But Weiner has achieved its acclaim as a film because of the way Kriegman and his co-director Elyse Steinberg use their footage, leaping back and forth in time, seamlessly melding historical clips with footage from the campaign trail, while repeatedly returning to that culminating interview. Every time Anthony Weiner appears in close-up, wearing a blue shirt, grey sweater vest, and navy jacket, Kriegman and Steinberg have looped the audience back, yet again, to that claustrophobic room in which sits a man whose hopes and dreams have been dashed.
The essence of the personal tragedy lies in the contrast between the forlorn private citizen of 2015 versus the fiery orator fighting for 9-11 First Responders in 2010, and the ebullient politician—whipping crowds into frenzy during the Israel Day Parade in May, the Gay Pride Parade in June, and the West Indian Day Parade in August—during his run for Mayor in 2013.
Weiner’s promise was great. His sin was small. And yet, the details were so titillating that even longtime, highly-placed media friends like Bill Maher, Lawrence O’Donnell, and Jon Stewart could not resist the feeding frenzy.
I am sure they convinced themselves that attacking Weiner was proof of their political impartiality, but watching them ridicule Weiner on television is a particularly painful reminder of how real people look when transformed into tasty snacks fed to a voracious media monster.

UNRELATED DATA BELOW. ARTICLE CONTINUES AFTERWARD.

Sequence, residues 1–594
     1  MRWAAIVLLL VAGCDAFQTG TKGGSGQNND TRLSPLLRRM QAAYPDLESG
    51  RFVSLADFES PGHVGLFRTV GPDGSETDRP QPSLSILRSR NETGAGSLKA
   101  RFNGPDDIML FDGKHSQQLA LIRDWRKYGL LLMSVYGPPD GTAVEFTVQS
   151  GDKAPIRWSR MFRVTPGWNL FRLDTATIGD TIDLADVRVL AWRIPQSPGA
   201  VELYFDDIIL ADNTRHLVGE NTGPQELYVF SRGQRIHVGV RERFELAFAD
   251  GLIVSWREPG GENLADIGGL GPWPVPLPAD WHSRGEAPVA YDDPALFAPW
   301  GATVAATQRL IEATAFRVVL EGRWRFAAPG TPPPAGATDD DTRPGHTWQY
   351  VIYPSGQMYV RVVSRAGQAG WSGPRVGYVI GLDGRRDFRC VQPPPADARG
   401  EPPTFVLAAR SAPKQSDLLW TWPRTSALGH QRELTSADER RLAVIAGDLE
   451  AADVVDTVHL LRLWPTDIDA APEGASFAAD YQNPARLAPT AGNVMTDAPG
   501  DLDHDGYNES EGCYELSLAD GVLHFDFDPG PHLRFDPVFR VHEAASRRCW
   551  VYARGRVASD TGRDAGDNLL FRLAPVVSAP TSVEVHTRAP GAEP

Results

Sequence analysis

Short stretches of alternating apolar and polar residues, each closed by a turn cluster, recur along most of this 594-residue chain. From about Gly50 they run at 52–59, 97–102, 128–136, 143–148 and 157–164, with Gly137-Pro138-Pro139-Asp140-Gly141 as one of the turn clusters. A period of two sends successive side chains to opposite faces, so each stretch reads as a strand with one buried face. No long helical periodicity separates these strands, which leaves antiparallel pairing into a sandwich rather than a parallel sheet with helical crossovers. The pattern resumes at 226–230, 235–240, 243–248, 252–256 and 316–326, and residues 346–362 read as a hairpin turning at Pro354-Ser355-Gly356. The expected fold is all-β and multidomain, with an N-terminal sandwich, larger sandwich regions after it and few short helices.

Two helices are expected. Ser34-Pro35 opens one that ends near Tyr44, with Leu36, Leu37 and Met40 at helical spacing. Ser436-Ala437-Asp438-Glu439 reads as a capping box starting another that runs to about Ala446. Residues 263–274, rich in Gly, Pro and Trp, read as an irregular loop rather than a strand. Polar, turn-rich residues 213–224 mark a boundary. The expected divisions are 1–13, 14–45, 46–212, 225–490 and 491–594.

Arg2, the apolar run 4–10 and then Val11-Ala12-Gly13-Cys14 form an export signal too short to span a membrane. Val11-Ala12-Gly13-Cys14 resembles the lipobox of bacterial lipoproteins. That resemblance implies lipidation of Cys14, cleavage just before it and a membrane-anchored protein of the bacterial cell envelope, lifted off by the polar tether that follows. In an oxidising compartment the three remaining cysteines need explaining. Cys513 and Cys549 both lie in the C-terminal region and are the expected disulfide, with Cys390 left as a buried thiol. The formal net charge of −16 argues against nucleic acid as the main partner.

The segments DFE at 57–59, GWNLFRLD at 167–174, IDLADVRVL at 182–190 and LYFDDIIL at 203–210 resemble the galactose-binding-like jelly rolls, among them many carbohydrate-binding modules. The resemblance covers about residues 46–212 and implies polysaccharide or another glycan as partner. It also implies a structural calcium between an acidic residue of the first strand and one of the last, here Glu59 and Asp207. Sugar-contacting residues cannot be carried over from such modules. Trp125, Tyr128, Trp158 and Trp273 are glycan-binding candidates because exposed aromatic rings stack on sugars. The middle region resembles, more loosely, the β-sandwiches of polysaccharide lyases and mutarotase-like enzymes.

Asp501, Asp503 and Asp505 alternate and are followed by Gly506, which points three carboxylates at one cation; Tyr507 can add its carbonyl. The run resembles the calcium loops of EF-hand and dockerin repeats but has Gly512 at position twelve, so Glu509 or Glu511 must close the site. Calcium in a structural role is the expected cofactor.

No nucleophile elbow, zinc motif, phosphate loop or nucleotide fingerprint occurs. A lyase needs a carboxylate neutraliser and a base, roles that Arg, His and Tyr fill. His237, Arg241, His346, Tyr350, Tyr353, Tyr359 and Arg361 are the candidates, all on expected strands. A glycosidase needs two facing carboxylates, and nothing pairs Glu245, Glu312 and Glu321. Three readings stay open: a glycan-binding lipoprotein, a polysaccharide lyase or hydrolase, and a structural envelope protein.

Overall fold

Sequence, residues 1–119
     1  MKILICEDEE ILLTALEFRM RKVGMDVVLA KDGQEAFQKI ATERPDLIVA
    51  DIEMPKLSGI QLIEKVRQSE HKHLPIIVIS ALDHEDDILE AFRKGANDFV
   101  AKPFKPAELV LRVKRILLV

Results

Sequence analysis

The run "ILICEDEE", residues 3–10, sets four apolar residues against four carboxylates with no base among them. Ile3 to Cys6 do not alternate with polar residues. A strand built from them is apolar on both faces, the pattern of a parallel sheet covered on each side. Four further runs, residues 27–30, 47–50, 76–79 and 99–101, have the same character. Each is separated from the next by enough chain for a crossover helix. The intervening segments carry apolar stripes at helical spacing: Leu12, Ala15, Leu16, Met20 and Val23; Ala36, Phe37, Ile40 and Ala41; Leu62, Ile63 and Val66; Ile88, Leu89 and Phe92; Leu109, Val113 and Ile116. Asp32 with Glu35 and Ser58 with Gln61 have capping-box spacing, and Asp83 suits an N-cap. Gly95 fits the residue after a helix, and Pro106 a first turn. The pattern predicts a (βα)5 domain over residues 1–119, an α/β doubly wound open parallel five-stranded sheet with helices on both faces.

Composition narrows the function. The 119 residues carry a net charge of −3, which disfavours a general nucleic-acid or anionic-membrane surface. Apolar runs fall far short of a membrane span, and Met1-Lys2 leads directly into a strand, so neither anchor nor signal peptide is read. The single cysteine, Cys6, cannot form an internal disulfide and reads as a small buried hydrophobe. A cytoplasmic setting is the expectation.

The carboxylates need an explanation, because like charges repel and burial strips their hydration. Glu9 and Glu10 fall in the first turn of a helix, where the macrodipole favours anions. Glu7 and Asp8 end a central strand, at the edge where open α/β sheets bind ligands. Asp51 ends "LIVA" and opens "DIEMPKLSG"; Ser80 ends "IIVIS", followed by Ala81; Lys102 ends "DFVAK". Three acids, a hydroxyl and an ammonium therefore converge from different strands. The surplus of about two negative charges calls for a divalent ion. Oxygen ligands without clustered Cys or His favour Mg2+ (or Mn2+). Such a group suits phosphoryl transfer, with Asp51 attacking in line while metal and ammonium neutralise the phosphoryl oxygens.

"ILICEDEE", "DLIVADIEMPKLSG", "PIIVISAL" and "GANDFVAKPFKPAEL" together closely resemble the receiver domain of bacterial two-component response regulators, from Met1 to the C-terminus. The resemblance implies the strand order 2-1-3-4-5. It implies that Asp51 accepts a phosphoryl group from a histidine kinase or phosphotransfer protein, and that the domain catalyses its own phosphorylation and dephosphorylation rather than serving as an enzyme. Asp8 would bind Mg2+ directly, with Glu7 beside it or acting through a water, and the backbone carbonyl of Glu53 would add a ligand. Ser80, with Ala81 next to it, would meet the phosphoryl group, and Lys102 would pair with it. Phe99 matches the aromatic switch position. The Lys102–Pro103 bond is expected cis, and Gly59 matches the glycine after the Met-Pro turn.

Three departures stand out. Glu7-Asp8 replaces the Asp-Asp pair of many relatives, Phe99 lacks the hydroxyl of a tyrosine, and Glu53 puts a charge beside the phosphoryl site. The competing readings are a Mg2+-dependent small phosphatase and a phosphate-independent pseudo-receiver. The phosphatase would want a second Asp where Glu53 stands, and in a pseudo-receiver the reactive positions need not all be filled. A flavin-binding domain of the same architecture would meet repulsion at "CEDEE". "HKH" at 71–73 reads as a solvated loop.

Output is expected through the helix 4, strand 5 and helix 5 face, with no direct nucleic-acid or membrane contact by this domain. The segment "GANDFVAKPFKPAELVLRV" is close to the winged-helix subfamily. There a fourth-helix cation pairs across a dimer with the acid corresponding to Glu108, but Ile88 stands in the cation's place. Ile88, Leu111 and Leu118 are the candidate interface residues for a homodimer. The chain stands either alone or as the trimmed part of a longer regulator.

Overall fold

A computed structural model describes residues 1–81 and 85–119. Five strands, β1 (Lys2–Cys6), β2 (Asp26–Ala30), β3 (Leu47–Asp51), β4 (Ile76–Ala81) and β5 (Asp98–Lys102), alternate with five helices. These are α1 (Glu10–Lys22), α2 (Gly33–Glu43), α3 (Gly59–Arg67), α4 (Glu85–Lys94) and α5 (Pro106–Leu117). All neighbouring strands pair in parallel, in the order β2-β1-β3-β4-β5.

In one scene, someone points out that Weiner was never even in the same room as his willing “victims.” So it is ludicrous to compare him to actual perpetrators like Bill Cosby, Dennis Hastert, and Roman Polansky, not to mention Woody Allen (who, regardless of his relationship with his daughter Dylan was known to have had sex with underage girls). And I say this as someone who thinks Bill Clinton should have resigned in 1998 because Monica Lewinsky was an employee at the time of their affair (even though I never believed the impeachment trial itself was anything more than a witch hunt).
That Anthony Weiner should have been brought low by something as petty as a sexting scandal is a national tragedy. When Kriegman and Steinberg decided to make this film, they had no idea how the race for mayor of New York would unfold. And yet, it arrives in theatres at the perfect time, just as we are at the midst of a Presidential contest that is already consumed by the “reality show” antics of Donald Trump.
Let the buyer beware!
Weiner opens in Metro Chicago on May 27, 2016 at the Music Box Theatre on Southport and the Landmark Renaissance Place Cinema in Highland Park.
For times and tickets at the Music Box, visit http://www.musicboxtheatre.com/
For times and tickets at the Landmark, visit: https://www.landmarktheatres.com/chicago/renaissance-place-cinema
For additional links and photos, read the Weiner post on my Penny Blog.
© Jan Lisa Huttner (5/26/15) FF2 Media
Top Photo: Anthony Weiner marches in the Gay Pride Parade (June 2013).
Middle Photo: Anthony Weiner surrounded by press piranhas (July 2013).
Bottom Photo: Weiner and his wife Huma Abedin at a press conference (July 2013).
Photo Credits: edgelinefilms.com